A FURNITURE shop has managed to stay open during lockdown by allowing customers to window shop and order online.

Oswaldtwistle Furniture Emporium has been operating for more than 20 years and was hit hard by the first national lockdown, but has managed to keep trading.

Owner John Bradley said: “The only thing we can’t do is have people in the shop browsing so they’re doing it by using social media, the website and the windows.

“It’s not ideal but it is what it is and we are making it work.”

John and his business partner Nathan Sledden, 28, contacted environmental health at Hyndburn Council to see if there was any way they would be able to continue trading during the national lockdown and were told that the only thing that wasn’t allowed was shoppers browsing in the store.

The national lockdown which was implemented on November 5 closed all non-essential shops in England but by selling at the door and not allowing customers to browse, the furniture store can continue to trade in an untraditional way.

John added: “The original lockdown was quite daunting but when we opened after the first lockdown trade was good so we are in good shape to operate in a short lockdown.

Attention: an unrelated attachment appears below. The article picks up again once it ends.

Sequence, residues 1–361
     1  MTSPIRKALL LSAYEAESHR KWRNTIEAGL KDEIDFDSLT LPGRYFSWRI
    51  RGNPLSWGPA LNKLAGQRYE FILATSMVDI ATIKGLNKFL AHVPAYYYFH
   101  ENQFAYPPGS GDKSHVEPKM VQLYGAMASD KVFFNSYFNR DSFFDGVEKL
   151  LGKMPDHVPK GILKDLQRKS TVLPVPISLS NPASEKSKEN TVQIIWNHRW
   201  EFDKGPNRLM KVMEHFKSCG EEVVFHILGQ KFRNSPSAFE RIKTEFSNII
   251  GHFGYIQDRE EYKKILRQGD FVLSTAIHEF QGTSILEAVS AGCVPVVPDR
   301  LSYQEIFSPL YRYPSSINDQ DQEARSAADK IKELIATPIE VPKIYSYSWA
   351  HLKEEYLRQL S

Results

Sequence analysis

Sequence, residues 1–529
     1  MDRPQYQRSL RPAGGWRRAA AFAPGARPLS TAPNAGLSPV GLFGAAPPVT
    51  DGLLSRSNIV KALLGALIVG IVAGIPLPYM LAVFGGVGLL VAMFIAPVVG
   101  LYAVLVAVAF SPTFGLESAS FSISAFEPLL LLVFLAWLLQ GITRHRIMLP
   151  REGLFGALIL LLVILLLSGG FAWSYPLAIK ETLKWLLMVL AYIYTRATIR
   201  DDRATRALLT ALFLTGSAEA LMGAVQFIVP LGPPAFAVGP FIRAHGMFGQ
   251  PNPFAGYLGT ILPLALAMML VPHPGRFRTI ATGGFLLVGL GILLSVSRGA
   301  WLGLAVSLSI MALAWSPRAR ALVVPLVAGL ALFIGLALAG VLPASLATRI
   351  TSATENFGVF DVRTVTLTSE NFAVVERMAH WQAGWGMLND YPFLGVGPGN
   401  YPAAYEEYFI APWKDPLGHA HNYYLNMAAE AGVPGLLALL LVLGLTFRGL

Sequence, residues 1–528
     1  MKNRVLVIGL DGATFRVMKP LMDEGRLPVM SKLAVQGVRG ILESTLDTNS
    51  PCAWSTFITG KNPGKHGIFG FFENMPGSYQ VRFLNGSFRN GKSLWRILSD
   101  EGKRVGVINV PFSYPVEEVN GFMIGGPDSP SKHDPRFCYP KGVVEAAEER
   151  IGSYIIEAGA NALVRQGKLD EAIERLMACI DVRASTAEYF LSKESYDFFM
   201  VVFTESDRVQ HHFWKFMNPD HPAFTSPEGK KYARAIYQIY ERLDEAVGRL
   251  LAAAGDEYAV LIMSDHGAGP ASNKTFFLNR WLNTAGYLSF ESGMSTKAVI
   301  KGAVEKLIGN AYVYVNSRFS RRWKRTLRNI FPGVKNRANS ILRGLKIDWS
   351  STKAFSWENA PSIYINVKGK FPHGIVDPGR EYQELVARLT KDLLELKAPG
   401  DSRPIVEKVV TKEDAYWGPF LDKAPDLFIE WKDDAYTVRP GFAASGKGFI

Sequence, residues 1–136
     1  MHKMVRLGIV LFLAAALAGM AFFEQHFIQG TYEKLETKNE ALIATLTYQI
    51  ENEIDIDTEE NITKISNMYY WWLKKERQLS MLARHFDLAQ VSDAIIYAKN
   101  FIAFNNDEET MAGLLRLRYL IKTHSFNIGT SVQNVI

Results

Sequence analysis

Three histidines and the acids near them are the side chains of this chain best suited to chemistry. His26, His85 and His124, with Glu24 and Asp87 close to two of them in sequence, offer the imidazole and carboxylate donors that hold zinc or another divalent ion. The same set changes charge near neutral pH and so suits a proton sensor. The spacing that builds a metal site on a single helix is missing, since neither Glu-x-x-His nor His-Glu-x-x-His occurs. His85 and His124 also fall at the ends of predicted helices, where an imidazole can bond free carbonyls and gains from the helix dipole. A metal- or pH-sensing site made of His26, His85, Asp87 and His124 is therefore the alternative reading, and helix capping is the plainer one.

“We have the shop dressed in a bit of an unorthodox manner, we don’t normally have so much crammed in the windows but we have because that’s what people can see and they are easy things for people to purchase and exchange.”

The reception to the shop staying open has been warmly welcomed by the public with people buying Christmas gifts and small items at the doors during lockdown.

Other customers have been ordering larger items online including tables and chairs which John and Nathan have been able to continue delivering to the customers’ homes.

A spokesperson for Hyndburn Council said: “Trading via a click and collect type system is allowed in line with Government guidelines and the environmental health team can offer advice on this.

“We hope people will continue to support local businesses during this difficult time and this is one way they can continue to spend their money with local traders, while staying safe.”